This year, the Oregon Judicial Department has proposed HB 4097. The bill allows courts to establish a court facilitation program to provide litigants with educational materials, court forms, assistance with court forms, information on court processes, and referrals to other agencies and resources. The concept was raised in part by the rebuilding of the Multnomah County Courthouse, which is scheduled to be completed in the next few years. The concept of court facilitators and legal resource centers was also explored and supported in the Oregon State Bar’s Futures Report. The bill received a public hearing and work session in the House Judiciary Committee. The bill was amended in the committee with the -6 amendments and passed out of committee unanimously. The bill passed the House 55-0 with five excused and has been sent to the Senate for consideration.
During the 2017 legislative session, the legislature increased Oregon eCourt filing fees for civil practitioners. In addition, a percentage of the criminal fines, fees, and assessments were also directed towards covering the costs of Oregon eCourt. Under the current funding schedule, 60 percent of eCourt users are not paying to support the system. In response to that issue, the Oregon Judicial Department, with the support of the Oregon State Bar, has proposed creating an assessment on state agencies to provide funding for Oregon eCourt.
SB 1545 would create an assessment that would be apportioned among all state agencies for the use of Oregon eCourt. This would be in addition to the above-mentioned sources of funding. The bill received a public hearing and work session in the Senate General Government and Accountability committee and was referred to the Joint Committee on Ways and Means by prior reference.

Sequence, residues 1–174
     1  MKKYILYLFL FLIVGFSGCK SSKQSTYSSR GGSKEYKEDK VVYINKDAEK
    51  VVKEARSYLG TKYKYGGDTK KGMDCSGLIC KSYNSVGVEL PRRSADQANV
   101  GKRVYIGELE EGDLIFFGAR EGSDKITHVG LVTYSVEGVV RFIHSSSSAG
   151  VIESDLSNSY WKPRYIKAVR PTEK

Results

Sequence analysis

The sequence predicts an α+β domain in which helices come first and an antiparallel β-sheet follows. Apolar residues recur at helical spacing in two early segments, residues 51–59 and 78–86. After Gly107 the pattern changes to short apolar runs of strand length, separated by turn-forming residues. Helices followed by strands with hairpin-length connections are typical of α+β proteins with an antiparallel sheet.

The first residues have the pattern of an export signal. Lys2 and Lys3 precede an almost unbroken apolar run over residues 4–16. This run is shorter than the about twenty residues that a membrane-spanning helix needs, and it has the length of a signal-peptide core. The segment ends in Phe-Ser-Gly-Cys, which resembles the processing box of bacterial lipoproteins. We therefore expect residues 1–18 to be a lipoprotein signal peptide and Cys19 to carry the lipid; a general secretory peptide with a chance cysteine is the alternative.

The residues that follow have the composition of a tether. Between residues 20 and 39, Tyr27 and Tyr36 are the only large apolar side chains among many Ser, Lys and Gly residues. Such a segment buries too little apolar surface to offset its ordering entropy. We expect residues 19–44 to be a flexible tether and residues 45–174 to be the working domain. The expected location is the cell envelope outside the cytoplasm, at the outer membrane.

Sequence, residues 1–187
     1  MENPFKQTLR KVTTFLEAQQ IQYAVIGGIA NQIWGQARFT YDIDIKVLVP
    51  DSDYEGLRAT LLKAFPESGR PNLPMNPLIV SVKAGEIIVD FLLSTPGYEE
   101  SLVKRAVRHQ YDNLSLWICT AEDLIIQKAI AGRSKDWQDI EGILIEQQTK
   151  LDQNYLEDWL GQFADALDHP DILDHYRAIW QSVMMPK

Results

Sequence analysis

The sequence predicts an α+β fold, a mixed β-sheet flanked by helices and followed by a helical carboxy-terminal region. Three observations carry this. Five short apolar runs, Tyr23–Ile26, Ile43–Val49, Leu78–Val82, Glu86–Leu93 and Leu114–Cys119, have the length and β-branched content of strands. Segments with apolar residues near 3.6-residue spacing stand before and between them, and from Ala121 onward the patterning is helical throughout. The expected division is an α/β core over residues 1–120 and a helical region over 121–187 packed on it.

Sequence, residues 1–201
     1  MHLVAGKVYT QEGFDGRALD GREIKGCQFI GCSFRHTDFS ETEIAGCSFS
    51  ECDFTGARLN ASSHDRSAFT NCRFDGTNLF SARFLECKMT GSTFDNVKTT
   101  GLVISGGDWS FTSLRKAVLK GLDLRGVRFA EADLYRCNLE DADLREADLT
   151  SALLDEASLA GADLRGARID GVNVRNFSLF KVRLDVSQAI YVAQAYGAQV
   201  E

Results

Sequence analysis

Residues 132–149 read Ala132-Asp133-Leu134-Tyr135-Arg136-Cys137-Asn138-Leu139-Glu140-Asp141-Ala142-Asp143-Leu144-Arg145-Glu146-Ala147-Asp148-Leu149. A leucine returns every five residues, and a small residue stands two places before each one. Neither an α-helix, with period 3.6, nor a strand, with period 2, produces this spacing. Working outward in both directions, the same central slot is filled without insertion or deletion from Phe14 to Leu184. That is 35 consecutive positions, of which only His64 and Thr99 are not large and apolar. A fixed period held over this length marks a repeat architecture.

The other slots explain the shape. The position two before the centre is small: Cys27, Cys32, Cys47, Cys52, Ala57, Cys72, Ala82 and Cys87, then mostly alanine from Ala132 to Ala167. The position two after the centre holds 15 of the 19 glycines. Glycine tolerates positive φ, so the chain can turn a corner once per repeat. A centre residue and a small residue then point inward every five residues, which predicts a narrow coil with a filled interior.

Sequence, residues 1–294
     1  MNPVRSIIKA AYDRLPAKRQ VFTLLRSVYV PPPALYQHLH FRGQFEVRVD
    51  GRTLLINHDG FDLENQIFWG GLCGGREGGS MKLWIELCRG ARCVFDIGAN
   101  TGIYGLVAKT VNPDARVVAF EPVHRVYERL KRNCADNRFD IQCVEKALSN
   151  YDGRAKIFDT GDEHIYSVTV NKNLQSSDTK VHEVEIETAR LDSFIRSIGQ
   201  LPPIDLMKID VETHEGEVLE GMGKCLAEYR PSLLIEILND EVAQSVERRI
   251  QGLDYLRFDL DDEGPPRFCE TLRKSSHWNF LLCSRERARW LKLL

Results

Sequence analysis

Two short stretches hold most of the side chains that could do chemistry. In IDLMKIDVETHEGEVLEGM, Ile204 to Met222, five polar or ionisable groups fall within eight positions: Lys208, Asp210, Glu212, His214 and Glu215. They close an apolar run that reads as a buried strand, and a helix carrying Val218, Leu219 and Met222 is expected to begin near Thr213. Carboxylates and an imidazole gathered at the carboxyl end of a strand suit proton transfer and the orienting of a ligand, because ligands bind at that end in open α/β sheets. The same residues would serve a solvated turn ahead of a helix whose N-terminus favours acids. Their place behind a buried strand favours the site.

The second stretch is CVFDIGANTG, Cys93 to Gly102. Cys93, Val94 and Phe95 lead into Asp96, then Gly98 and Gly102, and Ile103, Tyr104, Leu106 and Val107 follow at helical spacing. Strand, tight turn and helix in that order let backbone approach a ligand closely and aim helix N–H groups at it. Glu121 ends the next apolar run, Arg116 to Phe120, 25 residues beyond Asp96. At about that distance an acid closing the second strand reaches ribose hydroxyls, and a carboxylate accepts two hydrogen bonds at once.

Former State Legislator, Ray Baum, Passes Away
The Oregon State Bar was saddened to hear that Ray Baum, lawyer, former state legislator, public utility commissioner, and congressional aid to Congressman Greg Walden passed away on February 9, 2018. Ray Baum was first elected to Oregon legislature in 1988 and served for many years. Most recently, Baum was the staff director of the House Energy and Commerce Committee.
On February 13, 2018, Congressman Greg Walden paid tribute to Ray Baum on the House Floor. The video of his speech can be viewed here.
Bills of Interest
HB 4008 – Makes calculation of projected future earning potential of plaintiff that takes into account race or ethnicity of plaintiff inadmissible in civil action.
HB 4009 – Heightens standard for taking child into protective custody without court order.
HB 4063 – Designates Department of Transportation as lead agency for autonomous vehicle programs and policies.
HB 4085 – Requires court to award attorney fees, costs and necessary disbursements to tenant prevailing in action arising under rental agreement or landlord-tenant law.
HB 4095 – Establishes privilege for communications with lawyer referral service.
HB 4096 – Modifies annual salaries of judges of Supreme Court, Court of Appeals, Oregon Tax Court and circuit courts.
HB 4097 – Modifies provisions relating to law libraries and law library services provided by counties.
HB 4135 – Establishes Advance Directive Adoption Committee for purpose of adopting form of advance directive to be used in this state.
HB 4149 – Prohibits prosecuting attorney from conditioning plea offer or release on defendant’s waiver of specified rights, eligibilities and legal challenges.
SB 1540 – Modifies definition of child abuse for purpose of mandatory reporting.
SB 1545 – Provides for cost of providing state court technology services to state agencies to be assessed against agencies beginning July 1, 2019.
SB 1559 – Directs state agencies to establish procedure for employees to anonymously disclose certain information.
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2017 Public Affairs Committee Members
Kathleen Rastetter, Chair
John Mansfield, Vice Chair
Public Affairs Department
Susan Grabe, Public Affairs Director
Amy Zubko, Public Affairs Legislative Attorney
Matt Shields, Public Affairs Staff Attorney
Kellie Baumann, Public Affairs Assistant